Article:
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Crohn’s Disease Symptoms in Women: What to Know

Crohn’s disease is a chronic health condition that can affect your digestive tract and cause many uncomfortable symptoms. Learn about what to expect from the disease, specific Crohn’s disease symptoms for women, and other signs of Crohn's.

Crohn’s disease is one of several types of inflammatory bowel disease (IBD), meaning it causes inflammation along the digestive tract, or gastrointestinal (GI) tract. The GI tract covers the path that your food takes when you eat, traveling from your mouth and esophagus to your stomach, intestines, and down to your anus. With Crohn’s disease, inflammation typically occurs in the lowest part of the small bowel and upper colon. 

Symptoms of Crohn’s disease and GI tract inflammation may include diarrhea or a change in bowel habits, abdominal pain, cramping, weight loss, and fatigue.

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Inflammation can cause the bowel tissues to swell or thicken, which can lead to painful and possibly life-threatening blockages within the digestive tract. Malnutrition is also a symptom of Crohn’s disease because the body is unable to absorb the necessary nutrients properly. 

Crohn’s disease is a chronic health condition, meaning that it tends to affect people their whole life, although the intensity of their symptoms may vary over time. While there is no cure for Crohn’s, there are several different treatment options available. With proper symptom management, people with Crohn’s disease can go on to live well.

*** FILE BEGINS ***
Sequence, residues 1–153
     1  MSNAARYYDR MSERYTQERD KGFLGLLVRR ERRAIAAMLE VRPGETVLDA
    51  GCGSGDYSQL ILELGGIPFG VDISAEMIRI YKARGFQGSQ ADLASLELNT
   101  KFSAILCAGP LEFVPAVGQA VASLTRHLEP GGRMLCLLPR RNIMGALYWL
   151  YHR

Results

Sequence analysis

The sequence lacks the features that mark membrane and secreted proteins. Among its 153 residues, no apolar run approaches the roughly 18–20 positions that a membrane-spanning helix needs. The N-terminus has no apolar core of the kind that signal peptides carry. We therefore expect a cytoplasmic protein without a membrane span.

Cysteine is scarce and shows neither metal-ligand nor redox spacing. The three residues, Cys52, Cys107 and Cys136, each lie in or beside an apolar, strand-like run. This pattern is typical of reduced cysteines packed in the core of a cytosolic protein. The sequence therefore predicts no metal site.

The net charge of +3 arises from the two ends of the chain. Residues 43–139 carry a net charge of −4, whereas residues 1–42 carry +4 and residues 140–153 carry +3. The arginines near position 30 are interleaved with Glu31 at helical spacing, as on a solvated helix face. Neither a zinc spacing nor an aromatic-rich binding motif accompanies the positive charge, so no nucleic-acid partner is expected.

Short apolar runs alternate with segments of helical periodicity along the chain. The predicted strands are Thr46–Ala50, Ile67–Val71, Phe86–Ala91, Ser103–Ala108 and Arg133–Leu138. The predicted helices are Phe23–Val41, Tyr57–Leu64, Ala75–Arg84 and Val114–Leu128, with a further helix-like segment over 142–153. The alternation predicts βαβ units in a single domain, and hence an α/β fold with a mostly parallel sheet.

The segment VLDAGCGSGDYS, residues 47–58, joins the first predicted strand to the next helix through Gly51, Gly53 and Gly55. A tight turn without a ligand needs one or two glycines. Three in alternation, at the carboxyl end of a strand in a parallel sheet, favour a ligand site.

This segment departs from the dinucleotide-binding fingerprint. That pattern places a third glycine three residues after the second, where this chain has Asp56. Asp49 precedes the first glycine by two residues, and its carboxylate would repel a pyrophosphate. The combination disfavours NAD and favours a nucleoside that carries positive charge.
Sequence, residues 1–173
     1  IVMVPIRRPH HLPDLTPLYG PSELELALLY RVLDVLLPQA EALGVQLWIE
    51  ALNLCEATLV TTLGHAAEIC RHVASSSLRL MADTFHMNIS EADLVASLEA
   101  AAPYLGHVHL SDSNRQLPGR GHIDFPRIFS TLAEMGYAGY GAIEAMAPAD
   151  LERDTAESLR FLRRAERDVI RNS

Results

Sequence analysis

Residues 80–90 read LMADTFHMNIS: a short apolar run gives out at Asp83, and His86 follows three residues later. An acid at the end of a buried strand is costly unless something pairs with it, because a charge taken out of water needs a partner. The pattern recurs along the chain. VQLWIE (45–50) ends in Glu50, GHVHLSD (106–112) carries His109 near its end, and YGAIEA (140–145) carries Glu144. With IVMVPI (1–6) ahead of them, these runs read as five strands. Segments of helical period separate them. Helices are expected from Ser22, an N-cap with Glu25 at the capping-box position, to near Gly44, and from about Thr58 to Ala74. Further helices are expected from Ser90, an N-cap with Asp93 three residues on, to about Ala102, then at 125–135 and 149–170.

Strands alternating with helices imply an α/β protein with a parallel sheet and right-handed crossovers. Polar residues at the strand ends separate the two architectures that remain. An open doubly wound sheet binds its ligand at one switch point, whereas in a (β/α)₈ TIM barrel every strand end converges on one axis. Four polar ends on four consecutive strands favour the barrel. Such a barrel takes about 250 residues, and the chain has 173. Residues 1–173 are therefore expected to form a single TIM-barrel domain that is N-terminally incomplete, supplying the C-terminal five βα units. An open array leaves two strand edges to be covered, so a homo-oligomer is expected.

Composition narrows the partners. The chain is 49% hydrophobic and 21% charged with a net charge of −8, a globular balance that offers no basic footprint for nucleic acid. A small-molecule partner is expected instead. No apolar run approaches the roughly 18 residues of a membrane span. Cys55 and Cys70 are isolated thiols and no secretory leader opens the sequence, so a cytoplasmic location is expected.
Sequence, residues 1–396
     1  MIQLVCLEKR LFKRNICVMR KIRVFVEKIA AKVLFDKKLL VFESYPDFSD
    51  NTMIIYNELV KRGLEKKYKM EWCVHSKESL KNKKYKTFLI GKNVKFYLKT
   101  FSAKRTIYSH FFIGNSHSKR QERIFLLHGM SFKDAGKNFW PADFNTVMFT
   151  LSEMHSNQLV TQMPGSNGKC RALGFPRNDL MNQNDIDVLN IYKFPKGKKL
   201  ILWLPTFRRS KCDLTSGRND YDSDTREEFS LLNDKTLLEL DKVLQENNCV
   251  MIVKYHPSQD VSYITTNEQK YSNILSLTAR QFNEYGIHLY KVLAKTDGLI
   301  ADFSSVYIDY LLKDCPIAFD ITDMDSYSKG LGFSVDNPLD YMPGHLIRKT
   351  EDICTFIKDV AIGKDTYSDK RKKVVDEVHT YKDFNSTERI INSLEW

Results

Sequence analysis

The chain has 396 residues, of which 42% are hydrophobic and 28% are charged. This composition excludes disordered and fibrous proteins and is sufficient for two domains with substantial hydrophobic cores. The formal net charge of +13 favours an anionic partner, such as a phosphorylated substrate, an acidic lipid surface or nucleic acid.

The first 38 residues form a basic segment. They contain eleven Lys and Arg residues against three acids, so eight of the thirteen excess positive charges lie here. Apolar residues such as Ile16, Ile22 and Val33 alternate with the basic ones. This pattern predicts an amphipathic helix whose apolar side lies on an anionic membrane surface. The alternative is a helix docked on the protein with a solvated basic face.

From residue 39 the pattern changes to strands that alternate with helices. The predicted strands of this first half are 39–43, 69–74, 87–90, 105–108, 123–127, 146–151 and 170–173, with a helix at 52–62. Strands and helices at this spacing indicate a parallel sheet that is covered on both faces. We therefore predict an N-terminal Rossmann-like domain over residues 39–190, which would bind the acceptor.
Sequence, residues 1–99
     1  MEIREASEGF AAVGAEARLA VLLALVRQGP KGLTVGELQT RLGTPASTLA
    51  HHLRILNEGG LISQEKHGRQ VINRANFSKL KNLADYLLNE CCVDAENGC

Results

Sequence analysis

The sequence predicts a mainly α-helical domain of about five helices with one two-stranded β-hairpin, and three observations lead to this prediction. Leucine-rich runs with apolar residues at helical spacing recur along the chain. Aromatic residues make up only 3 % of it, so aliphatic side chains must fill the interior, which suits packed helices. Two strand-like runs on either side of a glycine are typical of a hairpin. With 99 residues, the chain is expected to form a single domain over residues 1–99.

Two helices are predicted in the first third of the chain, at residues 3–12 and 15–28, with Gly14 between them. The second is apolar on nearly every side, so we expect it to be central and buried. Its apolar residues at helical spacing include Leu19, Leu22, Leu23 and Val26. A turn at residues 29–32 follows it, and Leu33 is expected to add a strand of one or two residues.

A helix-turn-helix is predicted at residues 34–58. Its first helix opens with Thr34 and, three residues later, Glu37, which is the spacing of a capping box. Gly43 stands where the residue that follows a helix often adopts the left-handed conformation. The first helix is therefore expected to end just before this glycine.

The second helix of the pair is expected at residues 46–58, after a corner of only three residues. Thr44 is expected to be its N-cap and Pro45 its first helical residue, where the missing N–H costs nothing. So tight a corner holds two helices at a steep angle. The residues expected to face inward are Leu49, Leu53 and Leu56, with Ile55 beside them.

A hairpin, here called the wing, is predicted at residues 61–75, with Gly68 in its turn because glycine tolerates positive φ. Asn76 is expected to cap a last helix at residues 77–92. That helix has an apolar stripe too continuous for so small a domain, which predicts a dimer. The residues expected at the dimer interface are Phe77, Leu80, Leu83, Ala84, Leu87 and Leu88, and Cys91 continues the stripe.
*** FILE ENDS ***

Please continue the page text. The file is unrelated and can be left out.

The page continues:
Crohn’s disease affects a lot of people worldwide regardless of sex, age, or race. However, Crohn’s disease symptoms can be different for women than for men.

Crohn’s disease typically affects the deepest layers of the tissues in the bowels, compared to other IBDs like ulcerative colitis, which usually affects the inner lining of bowel tissue. 

Because Crohn’s disease inflammation penetrates so deeply, it can also affect neighboring organs or tissue. That’s why Crohn’s disease sometimes can affect reproductive organs, which may lead to irregular periods and a higher risk of developing an iron deficiency. Some women experience more intense flare-ups or symptoms of Crohn’s disease during their menstrual cycle. It’s usually connected with hormonal changes.

Crohn’s disease typically affects the deepest layers of the tissues in the bowels, compared to other IBDs.

Women with Crohn’s disease may also develop fistulas between the intestine and skin, or between the intestine and another organ (such as the vagina or bladder). Fistulas near or around the anal area (perianal) are the most common. Fistulas are abnormal pathways or connections between two organs that don’t normally connect.

In the case of Crohn’s disease, a fistula can develop between the intestines and a neighboring organ, which can cause food or bile to enter an organ that it normally wouldn’t. Fistulas can become infected and cause a buildup of mucus or lead to an abscess. Vaginal fistulas, for example, can cause severe pelvic pain or pain during sex

If you’ve been experiencing irregular bowel movements or pain in your abdomen, you may be wondering if you have Crohn’s disease. Some other main symptoms include: 

  • Recurring diarrhea
  • Cramping or stomach aches
  • Feeling fatigued or tired often
  • Losing weight

These symptoms can be mild or severe, and they can come and go periodically, depending on the degree of inflammation in the small intestine and colon. When symptoms arise or flare up, they may appear suddenly, or they can come on gradually.